BitterSweet

An Obsession with All Things Handmade and Home-Cooked


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Can’t Stand the Heat

Making the transition back to a summer climate, that elusive warm state that up until recently seemed to exist only in exotic locales, many miles away, has been a bit more jarring than initially anticipated. Yes, of course, I realized that it would someday register above 70 degrees outside, and yes, New England is notorious for its oppressive humidity, but somehow that all slipped my mind as I daydreamed of summer just a month or two ago. Happily glossing over those unpleasant aspects, I somehow envisioned a June and July as the two most perfect months of the year; free of bugs, hot but crisp and dry, and with gentle showers in the evenings to cool things down each night. We’re still just on the cusp of Summer, but already reality has smacked me in the face and set me straight. That ideal summer just doesn’t exist, my dear.

And just as suddenly, the kitchen is no longer the 24/7 hangout, the thought of lighting up every burner and cranking the oven as high as it will go growing less appealing by the day.  Anything that can be made in quantity, stuffed into the fridge for later, and eaten cold with no fuss has become my favorite thing on the menu.  This means lots of cold salads, primarily, but rarely the leafy, insubstantial sort one might initially envision.  I’m talking nutrient-dense, hearty chilled melanges of anything from grains, beans, nuts, tubers, pasta- Anything in the house is fair game when I’m putting together one of these powerhouse one-bowl meals.

Having pledged my allegiance to no one cuisine in particular, what often results is an odd fusion of ingredients and flavors, as this particular riot of colors and textures in a bowl may indicate. Borrowing both an Asian and Mediterranean sensibility, cooked pearl couscous and fresh veggies meet edamame, all married together beneath of light blanket of miso dressing. Refreshing and light but still filling and full of flavor, it’s the kind of salad that’s just as happy being thrown on a plate for a rushed weekday lunch, taking in the glorious AC, as it is being bundled up with care for a picnic on the beach. No matter what Summer throws at you, you’ve got to be prepared!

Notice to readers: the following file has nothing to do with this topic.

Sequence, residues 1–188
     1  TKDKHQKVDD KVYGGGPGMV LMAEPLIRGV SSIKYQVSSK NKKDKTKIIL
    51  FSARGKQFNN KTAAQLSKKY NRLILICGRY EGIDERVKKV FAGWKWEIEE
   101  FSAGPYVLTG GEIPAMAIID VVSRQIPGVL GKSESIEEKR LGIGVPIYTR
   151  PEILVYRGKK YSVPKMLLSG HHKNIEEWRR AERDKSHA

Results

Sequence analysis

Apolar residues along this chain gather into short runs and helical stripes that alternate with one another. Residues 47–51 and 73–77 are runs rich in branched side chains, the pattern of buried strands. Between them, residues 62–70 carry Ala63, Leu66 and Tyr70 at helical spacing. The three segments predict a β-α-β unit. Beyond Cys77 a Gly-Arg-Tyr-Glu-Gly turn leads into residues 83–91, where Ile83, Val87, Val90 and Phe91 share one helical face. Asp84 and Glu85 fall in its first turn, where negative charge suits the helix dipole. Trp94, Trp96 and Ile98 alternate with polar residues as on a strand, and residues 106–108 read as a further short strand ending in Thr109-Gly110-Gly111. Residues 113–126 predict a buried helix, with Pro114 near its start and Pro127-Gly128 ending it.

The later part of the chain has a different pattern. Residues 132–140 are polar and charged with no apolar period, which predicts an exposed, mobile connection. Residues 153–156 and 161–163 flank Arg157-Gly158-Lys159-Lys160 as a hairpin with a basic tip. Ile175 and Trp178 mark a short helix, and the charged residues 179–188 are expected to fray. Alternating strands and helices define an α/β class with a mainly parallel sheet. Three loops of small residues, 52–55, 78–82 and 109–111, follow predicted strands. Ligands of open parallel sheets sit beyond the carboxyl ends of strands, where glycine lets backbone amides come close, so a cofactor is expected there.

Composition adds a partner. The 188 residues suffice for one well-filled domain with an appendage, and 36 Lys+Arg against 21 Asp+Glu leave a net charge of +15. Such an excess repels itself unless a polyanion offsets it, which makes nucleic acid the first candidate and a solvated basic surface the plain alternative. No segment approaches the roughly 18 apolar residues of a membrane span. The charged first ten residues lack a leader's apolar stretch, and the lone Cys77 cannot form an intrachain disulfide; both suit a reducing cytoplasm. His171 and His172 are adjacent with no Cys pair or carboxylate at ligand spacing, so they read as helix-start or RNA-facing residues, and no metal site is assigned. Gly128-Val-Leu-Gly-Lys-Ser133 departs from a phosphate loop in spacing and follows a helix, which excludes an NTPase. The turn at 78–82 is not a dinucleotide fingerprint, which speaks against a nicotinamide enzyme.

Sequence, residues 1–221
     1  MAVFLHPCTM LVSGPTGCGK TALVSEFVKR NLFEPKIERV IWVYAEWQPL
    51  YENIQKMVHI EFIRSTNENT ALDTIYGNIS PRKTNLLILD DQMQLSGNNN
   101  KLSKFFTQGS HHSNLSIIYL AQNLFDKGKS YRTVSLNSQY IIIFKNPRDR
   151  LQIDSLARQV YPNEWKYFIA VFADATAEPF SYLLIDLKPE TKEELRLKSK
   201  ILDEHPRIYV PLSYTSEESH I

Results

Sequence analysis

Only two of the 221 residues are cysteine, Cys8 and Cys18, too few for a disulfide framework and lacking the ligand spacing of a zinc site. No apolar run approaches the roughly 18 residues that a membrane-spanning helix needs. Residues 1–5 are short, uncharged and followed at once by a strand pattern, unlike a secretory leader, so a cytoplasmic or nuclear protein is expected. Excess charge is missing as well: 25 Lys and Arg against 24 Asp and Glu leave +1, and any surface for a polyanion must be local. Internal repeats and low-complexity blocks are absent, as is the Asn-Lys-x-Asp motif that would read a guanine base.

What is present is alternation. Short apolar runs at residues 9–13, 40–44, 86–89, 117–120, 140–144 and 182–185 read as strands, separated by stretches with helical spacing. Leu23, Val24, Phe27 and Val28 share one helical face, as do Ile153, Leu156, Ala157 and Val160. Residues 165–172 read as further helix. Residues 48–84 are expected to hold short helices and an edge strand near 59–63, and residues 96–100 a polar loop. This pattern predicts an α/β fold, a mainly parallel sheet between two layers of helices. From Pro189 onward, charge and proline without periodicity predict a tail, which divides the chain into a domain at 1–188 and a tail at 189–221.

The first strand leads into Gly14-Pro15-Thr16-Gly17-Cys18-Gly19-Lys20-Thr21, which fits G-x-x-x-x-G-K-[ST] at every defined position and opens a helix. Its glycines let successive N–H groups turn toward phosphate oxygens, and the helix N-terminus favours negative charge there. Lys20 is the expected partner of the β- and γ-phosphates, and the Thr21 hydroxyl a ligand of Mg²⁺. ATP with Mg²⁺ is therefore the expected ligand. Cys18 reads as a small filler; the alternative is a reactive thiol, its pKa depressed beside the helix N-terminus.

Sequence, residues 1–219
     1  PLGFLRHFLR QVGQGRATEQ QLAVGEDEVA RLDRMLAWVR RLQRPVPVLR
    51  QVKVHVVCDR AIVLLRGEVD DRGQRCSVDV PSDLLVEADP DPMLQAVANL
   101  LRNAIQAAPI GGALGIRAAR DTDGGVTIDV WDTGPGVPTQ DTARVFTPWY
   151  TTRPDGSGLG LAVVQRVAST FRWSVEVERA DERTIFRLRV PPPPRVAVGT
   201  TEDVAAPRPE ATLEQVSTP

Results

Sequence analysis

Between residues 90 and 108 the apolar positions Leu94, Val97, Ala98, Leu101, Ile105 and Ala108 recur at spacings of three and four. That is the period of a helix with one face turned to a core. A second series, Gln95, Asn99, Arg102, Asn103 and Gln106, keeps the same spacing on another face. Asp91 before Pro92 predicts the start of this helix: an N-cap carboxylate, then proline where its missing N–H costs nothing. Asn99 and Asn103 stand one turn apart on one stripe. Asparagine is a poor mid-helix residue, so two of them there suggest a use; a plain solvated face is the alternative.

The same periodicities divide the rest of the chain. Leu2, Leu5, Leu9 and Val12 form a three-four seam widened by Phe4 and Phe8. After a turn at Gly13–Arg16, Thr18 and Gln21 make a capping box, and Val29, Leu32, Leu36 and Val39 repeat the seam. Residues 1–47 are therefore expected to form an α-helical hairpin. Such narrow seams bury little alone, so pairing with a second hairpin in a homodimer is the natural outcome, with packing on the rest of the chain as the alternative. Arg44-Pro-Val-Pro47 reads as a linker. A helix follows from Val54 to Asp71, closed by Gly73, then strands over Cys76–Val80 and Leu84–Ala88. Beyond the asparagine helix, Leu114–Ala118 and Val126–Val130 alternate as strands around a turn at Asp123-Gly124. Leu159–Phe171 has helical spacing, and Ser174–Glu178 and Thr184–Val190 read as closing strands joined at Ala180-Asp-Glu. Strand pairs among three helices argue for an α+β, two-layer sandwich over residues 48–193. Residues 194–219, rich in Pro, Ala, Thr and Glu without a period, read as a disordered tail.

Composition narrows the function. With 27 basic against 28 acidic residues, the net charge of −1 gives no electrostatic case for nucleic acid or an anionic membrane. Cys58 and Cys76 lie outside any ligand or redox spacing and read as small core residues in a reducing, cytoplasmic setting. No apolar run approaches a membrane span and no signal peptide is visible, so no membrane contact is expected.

Mediter-Asian Couscous Salad

Sweet Miso Dressing:

1 Cup Plain, Unsweetened Soy Yogurt
1/4 Cup Rice Vinegar
1/4 Cup Olive Oil
1/3 Cup White Miso Paste
3 Tablespoons Honey-Flavored Agave, or Amber Agave Nectar
2 Tablespoons Mirin
1 Tablespoon Tamari or Soy Sauce

Mediter-Asian Salad:

1/2 Pound (1 1/4 Cups) Israeli (Pearl) Couscous*
1 Cup Kalamata Olives, Pitted and Sliced
1 1/2 Cups Diced English Cucumber
1 Small Tomato, Diced
1/2 Cup Chopped Roasted Red Pepper
1/4 Cup Finely Diced Red Onion
1 Cup Shelled Edamame (Thawed if Frozen)
1/3 – 1/2 Cup Thinly Sliced Scallions
10 – 12 Fresh Mint Leaves, Chiffonade
1/4 Cup Toasted Pine Nuts

*For this particular rendition pictured above, I used the Harvest Grains Blend from Trader Joe’s, which simply adds some orzo pasta, quinoa, small beans and such into the mix. Pearl couscous is simply more accessible, in case you don’t have a local Trader Joe’s to raid.

First things first, whisk together all of the ingredients for the dressing in a medium-sized bowl, and set aside for the time being.

Moving on to the bulk of the salad, cook you Israeli couscous or couscous blend according to the package, drain (or if it’s meant to absorb all of the liquid while cooking, simply transfer it to a strainer) and rinse under cold water until cool to the touch. This will both help to stop the cooking and get it down to a workable temperature. Move the cooked couscous into a large bowl, and add in all of the cut veggies, edamame, and herbs. Toss lightly to evenly distribute all of the ingredients. Start by mixing in about 1/2 cup of your prepared miso dressing, mix to incorporate and coat all of the goods, and stir in an additional splash or two until it’s dressed to your liking.

If you want to make this salad in advance, mix in only the initial 1/2 cup of dressing for now, and incorporate the final addition right before serving. Sprinkle the pine nuts over the top to finish.

Store in a large, air-tight container for 3 – 4 days. Separately, the dressing will keep for 7 – 10 days.

Serves 6 – 8

Printable Recipe

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